Designers' Go-To Living Room Color Palettes

Today’s top interior designers let us in on the secret behind the shades that they turn to again and again to create spaces that will stand the test of the time.
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January 23, 2015

Photo By: Matthew Patrick Smyth ©Matthew Patrick Smyth

Photo By: Tyler Parker

©Mariah O'Brien Interiors

©Matthew Patrick Smyth

©Matthew Patrick Smyth

Photo By: Tyler Parker ©Mariah O'Brien Interiors

©Matthew Patrick Smyth

Photo By: Tyler Parker ©Mariah O'Brien Interiors

Stunning Wood Details in Misty Blue Living Room

A monochromatic color palette can be used in living areas to create a room with timeless appeal. Designer Matthew Patrick Smyth has covered the walls, furnishings and accessories in this living room in similar shades of blue. The monochromatic color palette creates a calm and sophisticated living room design, where the wood and brass elements provide a soft pop of color.

Mod Black and White Living Room

For high contrast in the living room, interior designer Danielle Colding likes to stick with the classic palette of black and white. "Nothing illustrates the impact of contrast better than the combination of black and white," says Colding. "In this [space], I decided to pair jet black walls with white picture molding. For those who want the impact without the intensity, the same contrast can work with deep navy or teal."

Mediterranean Living Room in Cocoa and Pastels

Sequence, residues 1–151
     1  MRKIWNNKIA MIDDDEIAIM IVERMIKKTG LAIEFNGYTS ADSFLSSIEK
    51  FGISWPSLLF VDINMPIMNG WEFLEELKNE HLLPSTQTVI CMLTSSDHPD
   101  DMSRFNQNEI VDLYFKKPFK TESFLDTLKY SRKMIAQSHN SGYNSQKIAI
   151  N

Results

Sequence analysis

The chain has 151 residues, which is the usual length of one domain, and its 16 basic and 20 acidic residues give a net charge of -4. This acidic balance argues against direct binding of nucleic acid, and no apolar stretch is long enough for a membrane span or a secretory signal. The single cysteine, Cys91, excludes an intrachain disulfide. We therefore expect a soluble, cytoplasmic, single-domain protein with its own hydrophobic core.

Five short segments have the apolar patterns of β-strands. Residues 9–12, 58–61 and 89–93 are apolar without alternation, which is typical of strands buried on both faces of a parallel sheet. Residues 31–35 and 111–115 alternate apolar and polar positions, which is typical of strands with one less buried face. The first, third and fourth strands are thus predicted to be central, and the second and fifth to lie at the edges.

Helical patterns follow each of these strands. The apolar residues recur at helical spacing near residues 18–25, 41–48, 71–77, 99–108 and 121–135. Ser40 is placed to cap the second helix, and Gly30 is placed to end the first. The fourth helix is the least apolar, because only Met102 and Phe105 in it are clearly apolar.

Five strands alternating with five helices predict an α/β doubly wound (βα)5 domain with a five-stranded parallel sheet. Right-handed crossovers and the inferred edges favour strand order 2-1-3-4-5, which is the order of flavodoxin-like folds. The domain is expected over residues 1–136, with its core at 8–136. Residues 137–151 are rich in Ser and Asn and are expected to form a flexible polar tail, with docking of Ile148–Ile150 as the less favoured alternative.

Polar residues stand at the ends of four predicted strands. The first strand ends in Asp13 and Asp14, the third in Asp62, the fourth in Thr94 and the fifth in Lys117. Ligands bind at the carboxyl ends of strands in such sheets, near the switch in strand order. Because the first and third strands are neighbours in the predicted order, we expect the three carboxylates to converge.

Just a little bit of brown can go a long way in a living room’s design. Cocoa brown and soft pastels are pretty accents in this living room that’s grounded by white walls. Designer Mariah O’Brien loves using white as a backdrop for a room with a variety of other elements like rich shades. “The white really makes an impact, as it’s a perfect backdrop for the other design elements we brought into the living experience," O'Brien says. Cocoa chairs and curtains add just a touch of brown to a room filled with pretty pastels.

Airy Purple and Brown Living Room

Shades of brown are an excellent way to accent feminine details in a living room’s design. In this living space designed by Mariah O’Brien, the seating area has soft and organic details, like purple florals, that are grounded by warm tones of light brown and chocolate.

Traditional Living Room in Chocolate Brown and Ruby Red

In a living room with a white backdrop, chocolate brown furnishings and red accessories can make a strong statement. Designer Matthew Patrick Smyth pairs red and brown together as complementary shades. The warm tones in each color can be used to create a cozy living room environment.

Fifty Shades of Gray Living Rooms

Matthew Patrick Smyth loves using soft, warm grays in his interiors. Benjamin Moore’s "Penthouse" is among his favorite shades of the cool hue. The color is the perfect backdrop to rich colors like ruby red and brass.

Eclectic Living Room With a Splash of Coral